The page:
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United States Department of Agriculture

Agricultural Research Service

Research Project: IMPROVE NUTRITION FOR HONEY BEE COLONIES TO STIMULATE POPULATION GROWTH, INCREASE QUEEN QUALITY, AND REDUCE THE IMPACT OF VARROA MITES Title: The Importance of Microbes in Nutrition and Health of Honey Bee Colonies Part-3: Where Do We Go From Here?

Authors
item Degrandi-Hoffman, Gloria
item Vreeland, Russell -
item Sammataro, Diana
item Alarcon Jr, Ruben

Submitted to: American Bee Journal
Publication Type: Trade Journal
Publication Acceptance Date: July 20, 2009
Publication Date: August 1, 2009
Citation: Hoffman, G.D., Vreeland, R., Sammataro, D., Alarcon Jr, R.N. 2009. The Importance of Microbes in Nutrition and Health of Honey Bee Colonies Part-3: Where Do We Go From Here?. American Bee Journal 149:755-757.

Interpretive Summary: This manuscript is the third part of a three part series on the importance of microbes in nutrition and health of honey bee colonies. In the first two parts of the series, we discussed the role of microbes in honey bee colony food processing and digestion and their possible contribution in the reduction of pathogens. There also was a discussion of factors such as antibiotics and pesticides that could compromise the growth and diversity of a colony's microbial community and possibly impact the colony's health. There is little known abut the beneficial microbes in honey bees and bee bread, and what is known is largely from studies conducted several decades ago. In the third part of this series, we present descriptions of studies that are needed such as metagenomic and functional metagenomic analyses of bee bread to expand our understanding of the contributions of microbes to food processing and utilization in honey bee colonies.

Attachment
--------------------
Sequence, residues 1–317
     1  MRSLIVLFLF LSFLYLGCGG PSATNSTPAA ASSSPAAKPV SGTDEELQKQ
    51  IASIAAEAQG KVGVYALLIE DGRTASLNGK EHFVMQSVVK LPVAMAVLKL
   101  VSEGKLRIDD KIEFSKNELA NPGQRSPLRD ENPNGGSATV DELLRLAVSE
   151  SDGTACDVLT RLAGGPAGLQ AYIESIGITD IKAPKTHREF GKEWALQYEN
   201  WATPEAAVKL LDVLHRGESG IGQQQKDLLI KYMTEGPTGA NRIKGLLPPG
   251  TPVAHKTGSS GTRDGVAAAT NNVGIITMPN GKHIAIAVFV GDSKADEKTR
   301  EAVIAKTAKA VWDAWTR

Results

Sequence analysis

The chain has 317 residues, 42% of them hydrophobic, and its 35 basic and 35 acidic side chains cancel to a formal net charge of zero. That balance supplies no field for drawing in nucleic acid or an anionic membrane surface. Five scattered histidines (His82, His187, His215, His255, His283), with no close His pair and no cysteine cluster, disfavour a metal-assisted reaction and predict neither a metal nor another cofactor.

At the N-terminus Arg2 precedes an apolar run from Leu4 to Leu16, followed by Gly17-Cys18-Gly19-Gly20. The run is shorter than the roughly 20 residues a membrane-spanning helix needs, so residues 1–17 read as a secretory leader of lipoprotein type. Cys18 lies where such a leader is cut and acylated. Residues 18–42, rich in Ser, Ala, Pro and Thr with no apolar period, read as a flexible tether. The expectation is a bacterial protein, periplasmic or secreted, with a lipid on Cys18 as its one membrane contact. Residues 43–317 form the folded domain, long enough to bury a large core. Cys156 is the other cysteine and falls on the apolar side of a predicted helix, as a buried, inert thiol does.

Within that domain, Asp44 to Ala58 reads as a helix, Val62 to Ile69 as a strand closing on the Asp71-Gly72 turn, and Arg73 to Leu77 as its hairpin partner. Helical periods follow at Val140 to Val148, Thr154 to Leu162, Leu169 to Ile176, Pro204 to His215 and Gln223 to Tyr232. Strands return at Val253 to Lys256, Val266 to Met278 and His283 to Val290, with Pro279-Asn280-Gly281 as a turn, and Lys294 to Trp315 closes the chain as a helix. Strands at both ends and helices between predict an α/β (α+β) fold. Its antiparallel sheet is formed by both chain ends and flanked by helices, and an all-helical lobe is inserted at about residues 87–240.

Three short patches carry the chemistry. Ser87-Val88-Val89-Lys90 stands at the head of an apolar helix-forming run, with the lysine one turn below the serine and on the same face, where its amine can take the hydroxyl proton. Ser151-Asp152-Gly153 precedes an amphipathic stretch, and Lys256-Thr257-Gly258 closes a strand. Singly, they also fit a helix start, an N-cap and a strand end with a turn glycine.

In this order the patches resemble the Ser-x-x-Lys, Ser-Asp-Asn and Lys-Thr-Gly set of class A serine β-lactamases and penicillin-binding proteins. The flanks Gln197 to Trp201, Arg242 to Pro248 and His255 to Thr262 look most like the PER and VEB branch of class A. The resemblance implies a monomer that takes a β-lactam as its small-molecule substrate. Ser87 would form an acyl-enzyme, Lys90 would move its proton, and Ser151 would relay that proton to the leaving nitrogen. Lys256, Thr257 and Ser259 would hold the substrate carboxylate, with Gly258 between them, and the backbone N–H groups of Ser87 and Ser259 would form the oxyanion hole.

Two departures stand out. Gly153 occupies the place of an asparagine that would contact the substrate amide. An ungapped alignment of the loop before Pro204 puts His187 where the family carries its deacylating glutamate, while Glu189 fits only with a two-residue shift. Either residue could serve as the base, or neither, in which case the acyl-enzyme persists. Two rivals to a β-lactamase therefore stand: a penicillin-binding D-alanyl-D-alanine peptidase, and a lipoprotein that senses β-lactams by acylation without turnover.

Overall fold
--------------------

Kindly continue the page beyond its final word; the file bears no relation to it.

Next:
Technical Abstract: Microbial communities in honey bee colonies are essential for food processing and digestion. Symbiotic microbes also might contribute to the reduction of pathogens in the hive by synthesizing antimicrobial compounds. Environmental contaminants such as pesticides, fungicides and antibiotics could compromise the growth and diversity of a colony's microbial community and possibly impact the colony's health. There is little known about the beneficial microbes in honey bees and bee bread, and what is known is largely from studies conducted several decades ago. In the third part of this series, we present descriptions of studies that are needed such as metagenomic and functional metagenomic analyses of bee bread to expand our understanding of the contributions of microbes to food processing and utilization in honey bee colonies.

Last Modified: 11/22/2014
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